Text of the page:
Heartbleed Security Update

James Huff:

In short, you’re safe at WordPress.com, but occasionally changing your passwords and always using a strong password are great practices to follow.

Originally posted on WordPress.com News:

Last week, a very serious bug in OpenSSL was disclosed.  OpenSSL, a set of open source tools to handle secure communication, is used by most Internet websites.  This bug, nicknamed Heartbleed , allowed an attacker to read sensitive information from vulnerable servers and possibly steal things like passwords, cookies, and encryption keys.

Was WordPress.com vulnerable to Heartbleed?

Yes. WordPress.com servers were running the latest version of OpenSSL, which was vulnerable. We generally run the latest version of OpenSSL to enable performance enhancements, such as SPDY, for our users. The non-vulnerable versions of OpenSSL were over two years old.

Has WordPress.com fixed the issue?

Yes. We patched all of our servers within a few hours of the public disclosure.

Has WordPress.com replaced all SSL certificates and private keys?

Yes. Out of an abundance of caution, we have replaced all of our SSL certificates, along with regenerating all of the associated…

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Freedom of Speech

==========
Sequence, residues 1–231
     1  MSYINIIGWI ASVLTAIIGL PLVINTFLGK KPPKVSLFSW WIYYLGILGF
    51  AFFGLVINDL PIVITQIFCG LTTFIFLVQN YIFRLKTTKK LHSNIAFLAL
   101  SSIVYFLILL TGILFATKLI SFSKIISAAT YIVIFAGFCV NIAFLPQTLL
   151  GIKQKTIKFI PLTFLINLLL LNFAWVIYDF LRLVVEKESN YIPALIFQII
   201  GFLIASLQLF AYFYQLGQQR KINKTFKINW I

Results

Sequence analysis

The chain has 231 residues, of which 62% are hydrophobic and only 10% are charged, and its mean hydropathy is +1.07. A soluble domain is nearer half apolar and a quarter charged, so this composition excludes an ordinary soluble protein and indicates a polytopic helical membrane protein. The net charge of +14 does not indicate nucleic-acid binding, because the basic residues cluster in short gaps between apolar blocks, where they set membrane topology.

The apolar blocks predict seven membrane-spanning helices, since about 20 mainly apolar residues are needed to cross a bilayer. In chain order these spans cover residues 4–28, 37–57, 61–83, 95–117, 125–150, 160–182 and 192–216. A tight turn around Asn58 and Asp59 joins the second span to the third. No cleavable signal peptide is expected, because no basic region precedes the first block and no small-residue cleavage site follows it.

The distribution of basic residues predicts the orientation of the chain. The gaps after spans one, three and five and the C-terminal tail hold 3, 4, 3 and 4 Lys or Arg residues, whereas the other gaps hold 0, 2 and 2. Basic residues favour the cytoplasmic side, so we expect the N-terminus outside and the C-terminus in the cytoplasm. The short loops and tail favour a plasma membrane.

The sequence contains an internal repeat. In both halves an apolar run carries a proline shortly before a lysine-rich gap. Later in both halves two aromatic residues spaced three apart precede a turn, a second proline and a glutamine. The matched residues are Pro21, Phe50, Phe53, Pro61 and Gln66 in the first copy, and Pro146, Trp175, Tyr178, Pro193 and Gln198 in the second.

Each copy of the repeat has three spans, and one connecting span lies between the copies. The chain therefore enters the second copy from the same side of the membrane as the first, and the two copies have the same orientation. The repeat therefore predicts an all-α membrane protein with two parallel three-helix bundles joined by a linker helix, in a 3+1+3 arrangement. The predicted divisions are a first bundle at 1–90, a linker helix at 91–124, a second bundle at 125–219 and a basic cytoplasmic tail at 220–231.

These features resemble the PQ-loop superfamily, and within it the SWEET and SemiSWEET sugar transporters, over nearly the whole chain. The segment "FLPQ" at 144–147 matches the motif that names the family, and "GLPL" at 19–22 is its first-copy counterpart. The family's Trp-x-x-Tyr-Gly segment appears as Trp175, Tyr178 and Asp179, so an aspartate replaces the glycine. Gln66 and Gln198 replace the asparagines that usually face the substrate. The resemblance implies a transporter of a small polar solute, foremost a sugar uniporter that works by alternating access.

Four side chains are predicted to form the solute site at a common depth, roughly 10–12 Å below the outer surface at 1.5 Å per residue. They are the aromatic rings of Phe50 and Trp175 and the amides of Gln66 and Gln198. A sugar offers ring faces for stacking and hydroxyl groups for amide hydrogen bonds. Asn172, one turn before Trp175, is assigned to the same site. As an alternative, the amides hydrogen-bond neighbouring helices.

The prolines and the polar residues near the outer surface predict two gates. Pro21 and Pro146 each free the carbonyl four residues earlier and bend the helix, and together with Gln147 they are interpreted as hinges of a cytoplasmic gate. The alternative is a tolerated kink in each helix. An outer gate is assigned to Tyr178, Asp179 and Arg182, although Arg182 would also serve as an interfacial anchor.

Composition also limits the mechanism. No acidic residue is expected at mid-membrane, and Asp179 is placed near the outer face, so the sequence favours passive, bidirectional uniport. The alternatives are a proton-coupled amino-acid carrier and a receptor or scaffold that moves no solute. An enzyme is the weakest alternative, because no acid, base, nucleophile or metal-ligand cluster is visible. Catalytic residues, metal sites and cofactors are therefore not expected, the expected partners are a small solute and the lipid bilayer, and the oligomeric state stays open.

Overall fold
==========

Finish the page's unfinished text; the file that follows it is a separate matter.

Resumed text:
There seems to be a grave misunderstanding as to what is protected by the right to freedom of speech in the US amongst both right and left-wing media. That concerns me greatly, as these organizations profess to represent the pinnacle of political news coverage, and such mutilation of a major governing document by a source which claims to be the only right and true word on politics and government is unforgivable.

This is the relevant portion of The United States Bill of Rights:

Congress shall make no law respecting an establishment of religion, or prohibiting the free exercise thereof; or abridging the freedom of speech, or of the press; or the right of the people peaceably to assemble, and to petition the Government for a redress of grievances.

Too long, didn’t read? Here’s what you need to know, “Congress shall make no law . . . abridging the freedom of speech.” That’s it, nothing more.

If Congress makes a law to prosecute you for what you say, then you have grounds to complain that your right to free speech is being violated. Until then, if someone is just disagreeing with you, if you are being publicly ridiculed for your words, or even if you are being completely censored by a private group, you have no grounds to invoke such a right.

Freedom of Speech shields US citizens from laws created by the US Government to prosecute them for their words. It does not shield them from the judgement and disagreements of others.